Whenever I get into a conversation about my online poker playing, the issue of poker bots comes up. It seems to be the only concept that people think about with online games — how do you know you are playing against a real person? I do not know but when I am sitting in an offline casino, I do not know whether the guy across the table dropped out of grade school or if he is a numbers cruncher from MIT. I figure I’m gambling and there are certain factors I can’t control.
Still the question persists and it’s worth more serious consideration. A poker bot is a computer program that plays automatically, always folding in some situations and always raising in other situations. Wired magazine recently published an article looking at one such program, Win Holdem. The article was passed on to me by another Blogcritics editor. One who doesn’t even like poker. The interest in bots spreads everywhere. Wired takes the standard view — the bots are bad and the online sites are policing it.
For years, there has been chatter among online players about the coming poker bot infestation. WinHoldEm is turning those rumors into reality, and that is a serious problem for the online gambling business. Players come online seeking a “fair” shot – a contest against other humans, not robots. But an invasion of bots implies a fixed game (even though, like their mortal counterparts, they can and do lose if their hands are bad enough or opponents good enough). So the poker sites loudly proclaim that automated play is no big deal. At the same time, they are fighting back by quietly scanning for and eliminating suspicious accounts. “We’re making sure we never have bots on our site,” says PartyPoker marketing director Vikrant Bhargava.
I have seen other articles taking the same tack. The sites are generally circumspect about what methods they use to detect a bot. After all, once it comes out that the sites are kicking off anyone betting in exactly 1.2 seconds (as an LA Times article reported), the bots will be reprogrammed to vary the response time.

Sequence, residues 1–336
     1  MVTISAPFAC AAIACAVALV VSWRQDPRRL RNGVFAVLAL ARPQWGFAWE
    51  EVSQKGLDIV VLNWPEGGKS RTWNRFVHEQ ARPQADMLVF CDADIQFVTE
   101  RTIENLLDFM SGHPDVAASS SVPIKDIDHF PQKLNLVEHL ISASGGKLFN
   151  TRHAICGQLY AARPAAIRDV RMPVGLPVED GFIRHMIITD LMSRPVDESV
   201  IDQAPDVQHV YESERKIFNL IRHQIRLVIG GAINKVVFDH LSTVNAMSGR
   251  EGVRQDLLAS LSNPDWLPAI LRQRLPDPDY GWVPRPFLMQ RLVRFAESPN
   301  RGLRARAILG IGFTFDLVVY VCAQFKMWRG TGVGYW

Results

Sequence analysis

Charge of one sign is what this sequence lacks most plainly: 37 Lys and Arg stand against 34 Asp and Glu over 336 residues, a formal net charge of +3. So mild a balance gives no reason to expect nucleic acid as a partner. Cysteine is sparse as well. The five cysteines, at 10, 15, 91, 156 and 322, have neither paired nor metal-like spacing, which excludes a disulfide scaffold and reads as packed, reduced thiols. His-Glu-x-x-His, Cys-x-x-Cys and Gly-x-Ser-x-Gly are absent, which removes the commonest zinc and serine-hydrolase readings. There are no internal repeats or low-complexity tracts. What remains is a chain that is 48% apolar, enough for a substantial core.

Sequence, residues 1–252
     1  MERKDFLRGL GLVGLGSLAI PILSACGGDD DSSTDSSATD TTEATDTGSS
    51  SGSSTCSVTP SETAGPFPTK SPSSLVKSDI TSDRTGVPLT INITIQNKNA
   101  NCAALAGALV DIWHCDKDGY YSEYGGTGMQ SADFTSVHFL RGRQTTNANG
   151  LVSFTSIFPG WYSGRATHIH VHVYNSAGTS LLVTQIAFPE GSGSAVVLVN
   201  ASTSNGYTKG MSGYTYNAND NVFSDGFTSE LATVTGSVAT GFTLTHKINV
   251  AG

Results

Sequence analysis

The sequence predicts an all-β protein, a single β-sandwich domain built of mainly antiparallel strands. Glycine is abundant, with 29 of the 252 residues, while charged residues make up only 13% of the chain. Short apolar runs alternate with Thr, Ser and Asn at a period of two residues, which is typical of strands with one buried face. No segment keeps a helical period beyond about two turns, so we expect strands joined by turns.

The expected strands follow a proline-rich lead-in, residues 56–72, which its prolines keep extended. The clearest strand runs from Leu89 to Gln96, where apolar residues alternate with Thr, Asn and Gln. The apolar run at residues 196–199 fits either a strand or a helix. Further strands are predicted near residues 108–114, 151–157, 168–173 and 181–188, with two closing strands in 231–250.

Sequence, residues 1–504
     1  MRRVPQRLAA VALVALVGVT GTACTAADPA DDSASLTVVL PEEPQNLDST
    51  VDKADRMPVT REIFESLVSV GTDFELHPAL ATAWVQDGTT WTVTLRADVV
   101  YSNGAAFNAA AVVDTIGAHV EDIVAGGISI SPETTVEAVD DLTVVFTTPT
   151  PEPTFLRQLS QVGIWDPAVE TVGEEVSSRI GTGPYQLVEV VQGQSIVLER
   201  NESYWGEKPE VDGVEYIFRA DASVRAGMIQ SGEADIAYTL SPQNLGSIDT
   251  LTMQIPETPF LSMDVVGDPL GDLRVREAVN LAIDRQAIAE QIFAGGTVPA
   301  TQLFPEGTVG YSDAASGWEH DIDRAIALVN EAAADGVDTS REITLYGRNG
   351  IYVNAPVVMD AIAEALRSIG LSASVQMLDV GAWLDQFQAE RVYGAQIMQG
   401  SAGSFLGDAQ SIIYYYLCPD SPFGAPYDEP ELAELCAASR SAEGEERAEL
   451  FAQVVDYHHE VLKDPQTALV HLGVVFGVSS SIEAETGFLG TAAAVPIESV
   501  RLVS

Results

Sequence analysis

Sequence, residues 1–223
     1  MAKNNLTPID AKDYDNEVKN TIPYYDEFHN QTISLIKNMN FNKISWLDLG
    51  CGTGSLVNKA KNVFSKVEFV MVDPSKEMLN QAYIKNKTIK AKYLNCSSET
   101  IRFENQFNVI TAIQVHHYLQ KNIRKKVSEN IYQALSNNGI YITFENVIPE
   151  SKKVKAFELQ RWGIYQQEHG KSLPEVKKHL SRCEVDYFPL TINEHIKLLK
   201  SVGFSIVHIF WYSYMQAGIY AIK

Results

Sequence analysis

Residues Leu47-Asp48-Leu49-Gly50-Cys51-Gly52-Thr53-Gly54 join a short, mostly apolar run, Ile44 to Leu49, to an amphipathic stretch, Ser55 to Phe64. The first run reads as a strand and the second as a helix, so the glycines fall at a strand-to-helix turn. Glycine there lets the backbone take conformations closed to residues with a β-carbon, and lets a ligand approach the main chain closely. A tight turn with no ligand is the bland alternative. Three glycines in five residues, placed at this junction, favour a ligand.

I have my own ways of dealing with bots. I chat them up. If they can’t tell me where they live and what the do for a living, I get suspicious. If bots ever get to be a huge problem, the sites can ask players to recognize one of those twisted words every hour or so.
In a really long, contains-everything-you-ever-thought-of-and-some-you-hadn’t post, Iggy says the real issue with bots is they don’t work and people are wasting their money.
Here are the real facts on WinHoldEm pokerbot for those considering purchasing the product:
1) People using WinHoldEm have had their accounts closed/suspended owners of those accounts may or may not have gotten their money back from their account.
2) Almost all of the Poker Sites have a way of detecting WinHoldEm.
3) After 12 hours of using WinHoldEm you can expect to earn $1.38 an hour at $3/$6 or less than 1/2 BB per Hour. This data was provided by an actual test of the product.
4) It will take you roughly 50 hours just to make the $100 back you spent on the program. If during that time or anytime after the poker site detects your bot your account can be closed and bankroll may be confiscated.
He also quotes a number of poker pros who also express the opinion that they can beat the bots. Indeed, in a recent pro vs. bot faceoff, the human won.
Maudie over at Poker Perspectives looks a little deeper at the next level — the helping programs. These don’t play for you but tell you how to play.
The use of cheating software like WinHoldem is clearly unethical and the people who use it ought to be hung from their proverbial balls, to say nothing of the creator of the software.
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But, WinHoldem and poker-bots aside, I’ve wondered about the use of “non-cheating” aids while playing online poker. I’ve played with Poker Tracker, Hold-Em Winner, Game Time+, and Poker Ace. Of that list, Hold-Em Winner has problably given me the most concern. That software will coach you, giving you your hole cards’ hand ranking, pot odds, opponent stats and cues to bet, raise or fold.
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But is it ethical to use aids online? After all, you don’t have that luxury at a B&M [bricks & mortar]. But then again, what you don’t have online is the benefit of looking your opponent in the eye, chatting him up, watching how he physically places his bet, how closely he’s paying attention…
Maudie did very well playing with Hold-Em Winner but stopped because she felt she was not sharpening her own game.
After reading her blog, I downloaded my own trial version of the souped up version of Hold-Em Winner, No Hands Holdem. The program plays more tightly than I do and I should probably tighten up but there are certain hands that I consistently play and play well that it consistently tells me to fold. It doesn’t take into account facts like the player in seat 4 can’t resist playing a four-flush nor does it tell me how big a raise to make in no-limit.
I try to make my own decision, then look at the recommendation of the program, and learn from the process. I find the interactive method a better way to learn than reading a book. I’m still toying with how to personalize it. Once I get that, it’s hard to see it as anything unethical when it’s repeating my own advice back to me.
What it does do well is remind me of standard opening hands, which by the way, are available at the help section of Party Poker’s website. It also calculates pot odds, which are available in other places on the web. The former I ought to have memorized anyway. The latter doesn’t seem to be a huge secret. What to do with the info still gives the good player the edge.
Checkraise is a regular poker column by Justene Adamec. It appears every other Friday.